Rising vector-borne diseases result from Venezuela’s ongoing crisis


Vector-borne diseases including malaria, Chagas disease, dengue, and Zika virus, are on the rise and transmitting to new locations as a result of Venezuela’s declining healthcare infrastructure. These conclusions come from collaborative work published in The Lancet Infectious Diseases, which has extensively reviewed and evaluated the impact of the continuing humanitarian crisis in Venezuela.

This report is a first in gathering such an abundance of data surrounding the impact of Venezuela’s crisis on vector-borne disease and has unveiled worrying figures. The report suggests the crisis has seen a fall in the surveillance systems, preventative measures and healthcare programs that have underpinned the public health improvements seen over the last 20 years in Venezuela.

Analyses estimated a rise of 359% in malaria cases between 2010 and 2015 and a subsequent 71% increase between 2016 and 2017, resulting from a lack of medicines and decreasing mosquito-control activities. Alarmingly, increasing malaria cases have also been reported in new locations with disease spreading across Venezuela, once certified by the WHO as the first country to eradicate malaria. [usepro_private]

“As well as the return of measles and other vaccine-preventable infectious diseases, the continued upsurge in malaria could soon become uncontrollable. The stark reality is that in the absence of surveillance, diagnostic and preventive measures, these figures most likely represent an underestimate of the true situation,” commented lead researcher, Martin Llewellyn (University of Glasgow, UK).

The review also found similarly worrying figures for Chagas disease, with its transmission being the highest recorded for over 20 years, and dengue, with a five-fold increase in cases seen from 2010– 2016. Chikungunya and Zika frequencies were also increasing at an accelerated rate according to the report. Fears of disease spreading across borders to neighboring countries is growing, with an average of 5500 people leaving the country every day in 2018 [1].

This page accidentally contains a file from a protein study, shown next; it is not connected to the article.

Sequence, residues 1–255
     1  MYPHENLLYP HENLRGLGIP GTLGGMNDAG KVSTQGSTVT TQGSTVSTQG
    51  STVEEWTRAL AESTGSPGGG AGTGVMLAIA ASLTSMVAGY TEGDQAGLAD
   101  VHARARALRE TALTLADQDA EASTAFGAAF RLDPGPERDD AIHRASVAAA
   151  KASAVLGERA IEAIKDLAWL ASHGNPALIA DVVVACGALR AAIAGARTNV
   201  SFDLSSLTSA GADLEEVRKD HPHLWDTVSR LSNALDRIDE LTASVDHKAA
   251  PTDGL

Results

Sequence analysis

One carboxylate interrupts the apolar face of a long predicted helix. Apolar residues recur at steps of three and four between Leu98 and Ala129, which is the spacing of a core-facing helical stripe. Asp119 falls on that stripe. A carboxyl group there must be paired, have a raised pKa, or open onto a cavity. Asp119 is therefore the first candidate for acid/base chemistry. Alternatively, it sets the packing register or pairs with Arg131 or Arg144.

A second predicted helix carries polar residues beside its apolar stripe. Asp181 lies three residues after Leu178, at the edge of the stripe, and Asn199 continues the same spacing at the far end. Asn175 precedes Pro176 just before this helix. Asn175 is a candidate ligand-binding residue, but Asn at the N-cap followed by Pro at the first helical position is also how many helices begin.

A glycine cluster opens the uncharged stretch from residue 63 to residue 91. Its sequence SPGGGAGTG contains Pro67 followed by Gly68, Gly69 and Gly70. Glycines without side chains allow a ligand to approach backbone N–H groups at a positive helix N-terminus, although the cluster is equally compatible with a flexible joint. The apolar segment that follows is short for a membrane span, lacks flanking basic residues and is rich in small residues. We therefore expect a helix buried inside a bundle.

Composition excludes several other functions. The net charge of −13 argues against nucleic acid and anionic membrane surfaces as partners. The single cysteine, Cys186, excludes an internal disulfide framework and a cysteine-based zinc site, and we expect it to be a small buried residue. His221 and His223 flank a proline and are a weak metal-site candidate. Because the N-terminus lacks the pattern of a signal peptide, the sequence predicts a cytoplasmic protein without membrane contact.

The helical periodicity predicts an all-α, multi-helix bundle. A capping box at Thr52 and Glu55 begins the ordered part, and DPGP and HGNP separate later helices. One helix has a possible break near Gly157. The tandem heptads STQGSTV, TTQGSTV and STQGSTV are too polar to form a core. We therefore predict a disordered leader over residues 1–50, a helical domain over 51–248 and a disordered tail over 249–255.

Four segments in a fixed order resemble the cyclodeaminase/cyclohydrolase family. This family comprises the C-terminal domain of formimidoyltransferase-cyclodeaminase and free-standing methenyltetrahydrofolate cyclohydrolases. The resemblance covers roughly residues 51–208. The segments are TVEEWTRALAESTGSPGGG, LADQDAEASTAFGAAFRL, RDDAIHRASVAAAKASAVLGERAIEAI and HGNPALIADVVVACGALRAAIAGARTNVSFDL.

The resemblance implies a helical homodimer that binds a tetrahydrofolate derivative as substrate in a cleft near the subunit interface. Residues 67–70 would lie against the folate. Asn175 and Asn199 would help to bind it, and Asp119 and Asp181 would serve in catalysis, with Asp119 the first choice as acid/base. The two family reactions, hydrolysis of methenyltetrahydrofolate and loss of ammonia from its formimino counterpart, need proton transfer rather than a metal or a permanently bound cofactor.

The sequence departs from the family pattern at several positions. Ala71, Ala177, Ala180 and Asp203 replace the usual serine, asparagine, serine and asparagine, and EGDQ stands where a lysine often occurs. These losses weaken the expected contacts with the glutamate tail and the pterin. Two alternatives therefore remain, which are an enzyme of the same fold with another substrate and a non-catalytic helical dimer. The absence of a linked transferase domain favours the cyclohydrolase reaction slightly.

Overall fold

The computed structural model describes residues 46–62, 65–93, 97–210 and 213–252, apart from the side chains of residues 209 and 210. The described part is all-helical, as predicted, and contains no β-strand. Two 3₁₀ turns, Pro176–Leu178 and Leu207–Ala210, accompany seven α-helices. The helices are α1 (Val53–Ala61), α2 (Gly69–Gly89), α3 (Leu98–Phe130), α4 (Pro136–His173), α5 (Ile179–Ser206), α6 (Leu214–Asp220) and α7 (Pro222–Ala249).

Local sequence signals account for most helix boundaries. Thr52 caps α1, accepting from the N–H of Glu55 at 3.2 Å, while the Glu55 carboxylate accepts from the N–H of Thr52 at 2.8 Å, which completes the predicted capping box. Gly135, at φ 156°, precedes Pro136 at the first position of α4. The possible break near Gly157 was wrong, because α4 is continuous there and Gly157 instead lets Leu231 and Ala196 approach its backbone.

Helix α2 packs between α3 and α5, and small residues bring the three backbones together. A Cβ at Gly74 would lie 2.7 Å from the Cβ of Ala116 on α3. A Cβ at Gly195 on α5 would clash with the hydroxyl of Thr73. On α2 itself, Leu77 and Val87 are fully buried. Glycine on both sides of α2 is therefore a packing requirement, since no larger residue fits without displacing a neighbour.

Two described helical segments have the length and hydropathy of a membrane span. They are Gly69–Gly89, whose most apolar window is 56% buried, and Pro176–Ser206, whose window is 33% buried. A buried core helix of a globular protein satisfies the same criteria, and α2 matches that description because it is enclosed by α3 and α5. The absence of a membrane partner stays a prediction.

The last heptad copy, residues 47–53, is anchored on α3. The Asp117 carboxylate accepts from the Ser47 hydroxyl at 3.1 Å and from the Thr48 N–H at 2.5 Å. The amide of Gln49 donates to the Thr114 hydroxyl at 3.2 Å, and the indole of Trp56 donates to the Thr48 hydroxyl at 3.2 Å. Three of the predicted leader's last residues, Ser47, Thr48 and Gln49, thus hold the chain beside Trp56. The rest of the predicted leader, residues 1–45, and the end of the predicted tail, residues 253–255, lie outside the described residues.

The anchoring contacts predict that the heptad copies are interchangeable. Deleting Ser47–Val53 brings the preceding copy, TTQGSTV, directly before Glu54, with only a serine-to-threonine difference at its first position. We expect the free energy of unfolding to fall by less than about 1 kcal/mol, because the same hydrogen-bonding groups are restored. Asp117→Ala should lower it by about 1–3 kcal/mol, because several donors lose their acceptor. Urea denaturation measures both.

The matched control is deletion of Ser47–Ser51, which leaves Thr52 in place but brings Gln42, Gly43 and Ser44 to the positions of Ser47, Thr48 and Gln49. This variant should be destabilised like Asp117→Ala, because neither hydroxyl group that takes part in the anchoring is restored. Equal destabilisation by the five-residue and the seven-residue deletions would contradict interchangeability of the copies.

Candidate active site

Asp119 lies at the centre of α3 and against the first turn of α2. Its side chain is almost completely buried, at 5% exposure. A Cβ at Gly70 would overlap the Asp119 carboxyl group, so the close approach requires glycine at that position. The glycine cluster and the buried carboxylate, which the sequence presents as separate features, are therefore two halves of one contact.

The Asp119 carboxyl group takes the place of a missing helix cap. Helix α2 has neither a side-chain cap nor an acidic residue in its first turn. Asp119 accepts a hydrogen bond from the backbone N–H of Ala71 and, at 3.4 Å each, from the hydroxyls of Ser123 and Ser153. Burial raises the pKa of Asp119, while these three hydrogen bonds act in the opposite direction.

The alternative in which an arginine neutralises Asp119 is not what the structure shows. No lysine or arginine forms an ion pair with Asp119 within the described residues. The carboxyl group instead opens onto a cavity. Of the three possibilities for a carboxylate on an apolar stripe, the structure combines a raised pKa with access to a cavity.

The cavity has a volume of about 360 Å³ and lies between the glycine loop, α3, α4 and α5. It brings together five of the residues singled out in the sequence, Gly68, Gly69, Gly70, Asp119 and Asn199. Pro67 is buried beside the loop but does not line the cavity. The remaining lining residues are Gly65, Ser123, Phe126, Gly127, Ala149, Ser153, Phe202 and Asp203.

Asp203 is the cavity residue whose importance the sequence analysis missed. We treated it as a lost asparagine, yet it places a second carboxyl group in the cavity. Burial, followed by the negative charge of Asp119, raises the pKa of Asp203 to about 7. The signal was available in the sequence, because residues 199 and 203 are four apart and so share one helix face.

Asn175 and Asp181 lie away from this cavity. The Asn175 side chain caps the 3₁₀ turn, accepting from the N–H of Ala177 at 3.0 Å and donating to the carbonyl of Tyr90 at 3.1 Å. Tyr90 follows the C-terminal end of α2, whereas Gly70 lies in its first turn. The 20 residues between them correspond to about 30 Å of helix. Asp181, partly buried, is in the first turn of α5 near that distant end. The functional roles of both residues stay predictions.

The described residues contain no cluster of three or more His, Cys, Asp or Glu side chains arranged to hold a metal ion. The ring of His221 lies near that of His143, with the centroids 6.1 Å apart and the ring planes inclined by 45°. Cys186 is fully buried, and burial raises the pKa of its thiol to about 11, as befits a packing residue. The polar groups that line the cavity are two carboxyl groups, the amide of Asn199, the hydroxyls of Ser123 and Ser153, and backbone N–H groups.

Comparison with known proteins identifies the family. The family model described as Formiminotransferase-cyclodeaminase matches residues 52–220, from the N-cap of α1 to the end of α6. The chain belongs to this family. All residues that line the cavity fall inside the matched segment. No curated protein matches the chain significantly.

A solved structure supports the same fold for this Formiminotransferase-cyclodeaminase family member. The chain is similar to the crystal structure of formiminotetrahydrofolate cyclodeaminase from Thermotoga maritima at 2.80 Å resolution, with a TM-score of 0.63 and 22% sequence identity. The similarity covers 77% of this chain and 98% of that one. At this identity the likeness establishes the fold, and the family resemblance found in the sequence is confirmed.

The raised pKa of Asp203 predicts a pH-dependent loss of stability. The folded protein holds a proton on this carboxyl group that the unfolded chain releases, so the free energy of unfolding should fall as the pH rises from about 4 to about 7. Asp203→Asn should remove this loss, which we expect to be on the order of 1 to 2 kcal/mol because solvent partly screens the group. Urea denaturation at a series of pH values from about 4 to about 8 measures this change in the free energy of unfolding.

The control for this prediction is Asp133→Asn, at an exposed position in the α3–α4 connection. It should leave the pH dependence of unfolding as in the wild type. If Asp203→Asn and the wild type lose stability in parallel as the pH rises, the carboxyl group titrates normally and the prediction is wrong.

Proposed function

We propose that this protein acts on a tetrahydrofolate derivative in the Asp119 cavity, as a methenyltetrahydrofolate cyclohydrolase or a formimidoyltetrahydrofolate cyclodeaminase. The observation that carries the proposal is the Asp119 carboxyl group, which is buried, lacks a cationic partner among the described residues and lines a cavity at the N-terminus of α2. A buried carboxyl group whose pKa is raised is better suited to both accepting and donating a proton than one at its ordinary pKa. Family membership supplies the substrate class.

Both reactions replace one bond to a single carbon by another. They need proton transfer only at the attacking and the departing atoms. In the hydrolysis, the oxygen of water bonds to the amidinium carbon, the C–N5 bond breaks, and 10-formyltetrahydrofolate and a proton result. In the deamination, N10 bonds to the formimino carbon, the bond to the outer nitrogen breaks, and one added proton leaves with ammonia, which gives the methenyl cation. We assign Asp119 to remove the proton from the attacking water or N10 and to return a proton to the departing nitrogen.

Solutions through improved preventative, surveillance and monitoring measures will be needed to halt the rise in these vector-borne diseases. The authors highlighted the major challenges in reaching those most vulnerable to infection across Venezuela, but also emphasized the importance in informing those communities of the growing threat. Additionally, the authors state the Venezuelan and regional authorities need to understand of the scale of growing crisis in order to accept international medical interventions.

To achieve success in controlling the emerging health crisis, collaboration will be needed from a huge range of contributors including national and international political bodies. The authors urge regional healthcare authorities to recognize and act on a public health emergency of hemispheric concern.

“We call on the members of the Organization of American States and other international political bodies to apply more pressure to the Venezuelan government to accept the humanitarian assistance offered by the international community in order to strengthen the buckling health system. Without such efforts, the public health gains achieved over the past 18 years could soon be reversed,” concluded Llewellyn.

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Source: Grillet ME, Hernández-Villen JV, Llewellyn MS et al. Venezuela’s humanitarian crisis, resurgence of vector-borne diseases, and implications for spillover in the region. Lancet Infect. Dis. doi:0.1016/S1473-3099(18)30757-6 (2019). [/usepro_private]


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